Critic's Notebook: CNN's Dysfunction, a Smart Move by 'Killing Eve' and Other Recent TV Lessons

THE HANDMAID'S TALE -- "Postpartum" -Elisabeth Moss- H 2018
George Kraychyk/Hulu

Notes, endless TV notes. Hey, everything we know we learned from television, so let's get to it:

1. BBC America, the home of Killing Eve, will share the loot with bigger sister channel AMC by simulcasting all episodes on both channels, which is smart and possibly a what-took-you-so-long thing, but also encouraging for others in similar sister-channel worlds. But, of course, they don't have Killing Eve. And, as I noted in the latest installment of The Power Rankings!, where Killing Eve came in at No. 17 (hey, it's been out a while and the field is fierce), if you need to be told to watch the series, then congratulations — you are one of the 11 miraculous "never heard a word about it" people rounded up and interviewed for a documentary that will air later on Netflix, where all future documentaries will also probably air.

2. I said this on Twitter: "Being surprised that CNN hired a Republican with no journalism experience to oversee its coverage is to overlook the fact that CNN is celebrating SO MANY years of not knowing what the fuck it's doing. Shooting itself in the face is part of CNN bylaws." But what I meant was, uh, yeah, exactly that.

3. Kevin Reilly as chief creative content officer of the soon-to-be-a-thing WarnerMedia streaming makes me not worry about that service because A) Reilly is one of the best and smartest execs in the business (NBC, Fox, FX, TBS/TNT). He already said sharing Friends with others, like Netflix, is not a great idea. Or, put another way, friends don't let Friends be on Netflix, which he clearly gets. Hey, maybe when WarnerMedia finally gets its streaming plans in order, and they do seem to be working on a multi-level platform, Reilly can un-cancel People of Earth, air that third season on the streaming platform and all will be good.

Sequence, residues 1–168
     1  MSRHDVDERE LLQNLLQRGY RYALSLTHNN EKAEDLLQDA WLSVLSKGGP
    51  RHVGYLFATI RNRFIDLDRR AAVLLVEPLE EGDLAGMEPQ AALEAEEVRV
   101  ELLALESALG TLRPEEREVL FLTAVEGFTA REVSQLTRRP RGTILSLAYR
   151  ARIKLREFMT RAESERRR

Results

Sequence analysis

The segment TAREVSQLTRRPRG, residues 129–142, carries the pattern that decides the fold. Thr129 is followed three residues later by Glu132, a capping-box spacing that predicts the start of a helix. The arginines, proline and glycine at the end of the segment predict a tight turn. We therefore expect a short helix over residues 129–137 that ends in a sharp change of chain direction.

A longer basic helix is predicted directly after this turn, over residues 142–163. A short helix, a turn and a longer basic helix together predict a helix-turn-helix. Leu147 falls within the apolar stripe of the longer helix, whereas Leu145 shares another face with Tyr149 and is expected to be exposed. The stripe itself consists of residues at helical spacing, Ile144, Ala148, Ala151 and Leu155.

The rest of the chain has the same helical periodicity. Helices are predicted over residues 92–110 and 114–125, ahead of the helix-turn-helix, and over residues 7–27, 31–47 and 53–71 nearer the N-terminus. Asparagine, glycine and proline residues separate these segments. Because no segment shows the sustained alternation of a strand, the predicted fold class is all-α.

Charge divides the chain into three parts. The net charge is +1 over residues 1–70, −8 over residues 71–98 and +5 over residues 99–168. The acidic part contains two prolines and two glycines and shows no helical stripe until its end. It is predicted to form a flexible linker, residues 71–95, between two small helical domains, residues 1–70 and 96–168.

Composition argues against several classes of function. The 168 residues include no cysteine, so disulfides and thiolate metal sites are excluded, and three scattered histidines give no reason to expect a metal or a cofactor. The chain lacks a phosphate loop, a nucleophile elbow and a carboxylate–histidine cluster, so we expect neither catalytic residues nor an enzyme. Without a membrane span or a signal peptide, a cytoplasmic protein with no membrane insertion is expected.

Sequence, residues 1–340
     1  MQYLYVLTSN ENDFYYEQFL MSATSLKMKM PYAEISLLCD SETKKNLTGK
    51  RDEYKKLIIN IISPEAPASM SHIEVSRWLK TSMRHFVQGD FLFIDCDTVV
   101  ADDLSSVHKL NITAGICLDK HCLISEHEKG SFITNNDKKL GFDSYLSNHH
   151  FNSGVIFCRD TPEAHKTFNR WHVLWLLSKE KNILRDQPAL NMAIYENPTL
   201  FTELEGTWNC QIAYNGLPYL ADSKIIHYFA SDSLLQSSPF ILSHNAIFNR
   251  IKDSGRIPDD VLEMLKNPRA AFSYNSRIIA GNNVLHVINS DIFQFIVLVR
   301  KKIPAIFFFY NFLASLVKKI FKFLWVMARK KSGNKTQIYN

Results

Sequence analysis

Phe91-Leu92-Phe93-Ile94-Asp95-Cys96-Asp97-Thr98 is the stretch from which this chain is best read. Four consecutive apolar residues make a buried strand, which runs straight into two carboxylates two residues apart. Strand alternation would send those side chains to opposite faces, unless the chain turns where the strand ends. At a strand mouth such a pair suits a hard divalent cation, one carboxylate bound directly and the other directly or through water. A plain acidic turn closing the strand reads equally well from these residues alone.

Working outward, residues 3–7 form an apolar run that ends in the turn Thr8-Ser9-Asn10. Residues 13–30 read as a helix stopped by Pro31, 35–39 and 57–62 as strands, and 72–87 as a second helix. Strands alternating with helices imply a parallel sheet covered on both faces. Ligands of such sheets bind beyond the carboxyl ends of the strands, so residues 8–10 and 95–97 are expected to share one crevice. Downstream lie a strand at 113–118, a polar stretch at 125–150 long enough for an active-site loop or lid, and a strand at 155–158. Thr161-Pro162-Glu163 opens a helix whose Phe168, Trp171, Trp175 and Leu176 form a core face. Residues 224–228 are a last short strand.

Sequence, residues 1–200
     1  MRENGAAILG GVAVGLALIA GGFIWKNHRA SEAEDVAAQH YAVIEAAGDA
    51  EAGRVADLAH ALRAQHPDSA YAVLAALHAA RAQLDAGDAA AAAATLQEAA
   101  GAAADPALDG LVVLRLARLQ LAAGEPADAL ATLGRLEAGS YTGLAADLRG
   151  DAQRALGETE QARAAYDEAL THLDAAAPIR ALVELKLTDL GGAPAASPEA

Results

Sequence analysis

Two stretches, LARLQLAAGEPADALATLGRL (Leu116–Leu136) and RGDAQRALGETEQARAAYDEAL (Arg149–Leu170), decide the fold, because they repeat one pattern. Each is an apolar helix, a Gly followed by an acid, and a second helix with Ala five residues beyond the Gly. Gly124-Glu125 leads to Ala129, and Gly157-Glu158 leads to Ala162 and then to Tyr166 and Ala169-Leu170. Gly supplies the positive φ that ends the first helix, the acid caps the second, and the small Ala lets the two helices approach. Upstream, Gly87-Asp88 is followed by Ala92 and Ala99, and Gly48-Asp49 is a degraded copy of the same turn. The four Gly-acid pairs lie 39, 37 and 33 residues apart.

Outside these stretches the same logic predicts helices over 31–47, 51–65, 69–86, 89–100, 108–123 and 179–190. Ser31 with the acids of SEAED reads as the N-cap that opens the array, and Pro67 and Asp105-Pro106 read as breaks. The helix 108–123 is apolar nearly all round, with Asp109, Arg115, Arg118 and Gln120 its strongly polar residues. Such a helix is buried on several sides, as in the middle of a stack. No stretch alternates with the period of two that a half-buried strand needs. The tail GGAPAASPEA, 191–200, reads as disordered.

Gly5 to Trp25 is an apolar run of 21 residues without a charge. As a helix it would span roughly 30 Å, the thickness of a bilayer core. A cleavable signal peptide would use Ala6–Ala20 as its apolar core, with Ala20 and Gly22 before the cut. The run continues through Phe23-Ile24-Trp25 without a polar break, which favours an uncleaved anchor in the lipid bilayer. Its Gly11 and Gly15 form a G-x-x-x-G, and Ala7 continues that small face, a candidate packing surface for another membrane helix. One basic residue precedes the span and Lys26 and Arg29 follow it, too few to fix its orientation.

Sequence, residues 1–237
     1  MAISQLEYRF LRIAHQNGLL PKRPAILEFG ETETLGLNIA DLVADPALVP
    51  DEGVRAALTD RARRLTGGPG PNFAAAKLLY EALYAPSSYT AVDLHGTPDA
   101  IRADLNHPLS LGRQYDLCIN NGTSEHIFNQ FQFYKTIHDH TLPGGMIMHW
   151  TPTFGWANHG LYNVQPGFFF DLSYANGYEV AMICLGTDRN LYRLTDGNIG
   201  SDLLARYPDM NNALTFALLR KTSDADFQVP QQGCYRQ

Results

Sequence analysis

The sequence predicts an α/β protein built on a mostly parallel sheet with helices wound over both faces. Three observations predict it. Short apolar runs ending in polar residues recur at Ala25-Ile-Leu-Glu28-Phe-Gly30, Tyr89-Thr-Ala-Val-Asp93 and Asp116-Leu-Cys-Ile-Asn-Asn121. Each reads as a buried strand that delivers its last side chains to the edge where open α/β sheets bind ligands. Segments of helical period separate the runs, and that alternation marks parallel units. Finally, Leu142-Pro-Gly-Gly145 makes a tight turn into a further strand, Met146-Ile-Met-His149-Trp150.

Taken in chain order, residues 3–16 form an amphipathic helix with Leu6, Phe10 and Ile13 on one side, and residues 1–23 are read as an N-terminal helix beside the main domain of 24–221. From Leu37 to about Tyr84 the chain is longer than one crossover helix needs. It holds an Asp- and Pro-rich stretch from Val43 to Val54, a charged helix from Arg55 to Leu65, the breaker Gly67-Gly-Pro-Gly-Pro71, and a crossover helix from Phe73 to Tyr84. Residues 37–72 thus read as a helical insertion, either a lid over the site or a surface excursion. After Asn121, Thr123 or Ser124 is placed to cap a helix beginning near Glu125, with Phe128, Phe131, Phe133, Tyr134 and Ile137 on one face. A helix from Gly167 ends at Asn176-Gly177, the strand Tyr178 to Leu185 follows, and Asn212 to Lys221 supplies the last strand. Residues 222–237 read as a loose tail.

4. A lot was made of Hulu delaying the season three start toThe Handmaid's Tale until June and how maybe that was to keep it out of the way of Game of Thrones, but how in doing so it might be delayed so much as to miss the Emmy window. Listen, The Handmaid's Tale is broken as a TV series. Just let the service fix the creative end and don't worry about the delay, otherwise you're looking at essentially a one-season shooting star, and that would be a shame. I got through the first season, but it was often a slog because it was unrelentingly one-note. That season ended, then, with hopes of a second-season improvement. But the first batch of episodes I saw were … not good. Not believable. And forced. Lots of critics who supported it the first year said it just continued to make a number of bad and worse creative decisions, frustrating its growth and thwarting its reason for continuing. It was a tough fall. It's extremely difficult to survive that in the Peak TV era. There are too many better choices. So forget about the timing of The Handmaid's Tale. Just hope that Hulu is working on fixing the content.

5. I love that when Fleabag comes back it won't be, in the words of creator and star Phoebe Waller-Bridge, "the immediate next chapter" because the character of Fleabag, years removed, "is a different person now." It seems so strange to say it, but the constraints of old-school thinking on TV really did take a long time to rust away. The fact that just picking up where the character is now — not taking some cliche "time jump" or restarting a delayed season a day, week or month after we last saw her — somehow seems novel is kind of funny. Life is a river. Film it that way.